The main aim of this currency forecasts update is to highlight how important currency risk management can be, especially in these uncertain times. The forecast charts below show the disparities between the forecasted highs and lows and – let’s be clear – these figures are taken from some of the most reputable banks in the world. We also highlight factors that contribute to the difficulty in forecasting currency exchange rates with any accuracy. The variables seem to be infinite.
Source: Netdania and Reuters Smart Estimate by StarMine, a division of Thomson Reuters. Forecast accurate as of 20 July 2017.
If the major banks can’t even agree on what is going to happen to currency pairings in the next month, three months, six months and one year, then what chance have the rest of us got? At their best, forecasts can be considered useful guides to what could happen. At their worst, they can be dangerous and cost you a lot of money if you make a decision based on them which turns out to be wrong.
That’s why we’re passionate about working with our clients to really make them understand that the current wave of political and economic uncertainty is not something that is likely to go away anytime soon. The resultant volatility in currencies can hurt a company’s bottom line, profits and margins, and be detrimental to you cash flows. We’re not scaremongering – this is a genuine possibility unless the correct measures are put in place.
In this currency forecasts update, we want to show how – much like the major banks – we don’t have a crystal ball; the truth is nobody knows what is going to happen from one day to the next. That’s why we emphasise to our clients just how important currency risk management solutions can be – perhaps now more than ever. By way of one example, the minimum rate prediction for GBP/EUR over the next year is £1/€1.0000, while the maximum is £1/€1.2987. That discrepancy amounts to a potential loss of almost €300,000.
Hence our passion for communicating the potential ramifications of this current climate of uncertainty.
An eventful second quarter of 2017
The second quarter of 2017 was arguably more eventful than the first and, when we consider that the first quarter saw Donald Trump’s inauguration, the triggering of Article 50 and Geert Wilders’ defeat in the Dutch general election, that’s no mean feat.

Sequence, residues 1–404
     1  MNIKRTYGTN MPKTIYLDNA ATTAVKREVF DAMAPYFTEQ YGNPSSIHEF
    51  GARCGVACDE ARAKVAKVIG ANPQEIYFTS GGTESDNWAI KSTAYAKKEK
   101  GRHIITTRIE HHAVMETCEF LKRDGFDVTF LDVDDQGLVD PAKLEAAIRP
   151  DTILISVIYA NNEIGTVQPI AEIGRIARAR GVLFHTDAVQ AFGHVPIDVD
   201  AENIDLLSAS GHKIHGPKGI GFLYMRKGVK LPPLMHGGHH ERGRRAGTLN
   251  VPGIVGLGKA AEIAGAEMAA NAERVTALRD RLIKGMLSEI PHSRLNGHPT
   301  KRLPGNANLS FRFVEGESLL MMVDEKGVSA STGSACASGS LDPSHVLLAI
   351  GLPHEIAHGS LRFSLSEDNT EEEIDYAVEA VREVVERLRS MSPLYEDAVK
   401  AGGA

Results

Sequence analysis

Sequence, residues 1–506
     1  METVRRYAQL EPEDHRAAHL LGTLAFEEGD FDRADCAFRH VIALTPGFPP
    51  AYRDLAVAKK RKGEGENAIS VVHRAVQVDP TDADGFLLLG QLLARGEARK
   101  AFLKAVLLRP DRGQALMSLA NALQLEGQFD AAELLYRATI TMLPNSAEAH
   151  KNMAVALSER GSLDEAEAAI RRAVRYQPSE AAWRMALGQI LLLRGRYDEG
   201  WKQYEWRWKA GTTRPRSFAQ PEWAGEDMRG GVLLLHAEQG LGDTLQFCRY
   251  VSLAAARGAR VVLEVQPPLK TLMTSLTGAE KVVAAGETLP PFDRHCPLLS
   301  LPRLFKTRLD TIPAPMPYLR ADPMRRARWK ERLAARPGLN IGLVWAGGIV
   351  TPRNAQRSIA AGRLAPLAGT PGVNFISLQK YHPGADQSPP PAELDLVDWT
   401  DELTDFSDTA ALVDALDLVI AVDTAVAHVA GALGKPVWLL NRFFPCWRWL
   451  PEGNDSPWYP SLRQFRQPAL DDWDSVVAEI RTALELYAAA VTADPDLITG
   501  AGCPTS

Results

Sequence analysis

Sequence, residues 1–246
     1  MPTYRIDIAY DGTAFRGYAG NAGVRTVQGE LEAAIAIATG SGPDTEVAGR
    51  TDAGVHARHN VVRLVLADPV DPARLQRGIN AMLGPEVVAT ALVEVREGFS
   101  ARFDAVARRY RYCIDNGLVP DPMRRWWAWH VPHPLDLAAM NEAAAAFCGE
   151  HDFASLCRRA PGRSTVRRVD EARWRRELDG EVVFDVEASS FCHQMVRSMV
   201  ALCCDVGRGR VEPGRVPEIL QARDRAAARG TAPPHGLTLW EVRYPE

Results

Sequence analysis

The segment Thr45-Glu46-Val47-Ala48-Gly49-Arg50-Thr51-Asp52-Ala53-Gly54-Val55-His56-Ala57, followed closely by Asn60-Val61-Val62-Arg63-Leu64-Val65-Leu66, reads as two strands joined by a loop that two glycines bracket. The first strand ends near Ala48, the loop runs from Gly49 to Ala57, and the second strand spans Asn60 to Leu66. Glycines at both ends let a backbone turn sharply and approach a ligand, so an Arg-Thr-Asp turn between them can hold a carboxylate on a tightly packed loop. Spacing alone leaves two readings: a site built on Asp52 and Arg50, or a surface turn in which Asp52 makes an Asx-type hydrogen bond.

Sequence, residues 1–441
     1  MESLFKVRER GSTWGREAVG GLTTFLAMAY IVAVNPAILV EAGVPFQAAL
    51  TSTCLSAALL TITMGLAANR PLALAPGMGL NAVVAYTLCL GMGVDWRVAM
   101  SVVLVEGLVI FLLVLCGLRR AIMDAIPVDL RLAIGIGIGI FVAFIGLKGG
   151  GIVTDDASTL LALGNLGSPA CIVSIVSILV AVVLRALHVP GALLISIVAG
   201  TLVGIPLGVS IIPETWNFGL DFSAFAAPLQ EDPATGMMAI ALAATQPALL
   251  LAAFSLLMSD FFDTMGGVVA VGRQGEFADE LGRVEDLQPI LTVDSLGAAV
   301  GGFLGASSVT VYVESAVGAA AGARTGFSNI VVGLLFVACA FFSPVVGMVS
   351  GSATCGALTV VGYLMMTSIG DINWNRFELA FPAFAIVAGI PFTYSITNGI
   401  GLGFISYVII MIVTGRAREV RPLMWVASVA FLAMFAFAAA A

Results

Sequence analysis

Emmanuel Macron’s victory in the French presidential election abated fears of a rise in populism and the far-right across Europe, while Theresa May shocked the UK by calling a snap general election despite ridiculing the idea in the months leading up to it. While May was clearly trying to secure a mandate for her vision of how Brexit negotiations should play out, the hung parliament result rendered her position as UK Prime Minister far from strong or stable.
While the Conservatives eventually managed to secure a ‘confidence and supply’ arrangement with the Democratic Unionist Party, May’s tenure still hangs in the balance. Indeed there is increased speculation that other Tory MPs won’t support May as leader if another general election is called.
Meanwhile, the Trump administration continue to charter unprecedented waters. Following continuous speculation about collusion between the Trump campaign and Russia, Donald Trump Jr. published an email chain on Twitter in which he delighted in the possibility of uncovering some information of Hillary Clinton. While Trump Jr. has insisted his father knew nothing of the communications, the White House recently confirmed that Trump Sr. had a second, previously undisclosed meeting with Vladimir Putin at the G20 Hamburg summit. The speculation (and investigations) are set to continue for a while yet.
The final thing to note is Trump’s failure to get the new health care bill passed. Two Republican Senators voted against the bill, which has cast doubt on the US President’s ability to deliver on the pledges and promises he made during the election campaign.
All of the political turmoil across the UK and US has had the effect of causing huge volatility in the US dollar and sterling. The main benefactor has been the euro, which has been performing remarkably consistently for some time now. It’s curious to see how the single currency has repeatedly benefited as a result of the weaknesses in the dollar and pound, as opposed to euro strength.
UK: Focus on Brexit negotiations
As it stands, Britain will be exiting the European Union by March 2019, but it’s fair to say that Brexit negotiations have hardly been inspiring up to this point. Theresa May’s failure to secure a mandate in the June 2017 UK general election has not helped matters; it appears the country is as divided about what stand the UK should take throughout the negotiations as it was about the decision to withdraw from the EU in the first place.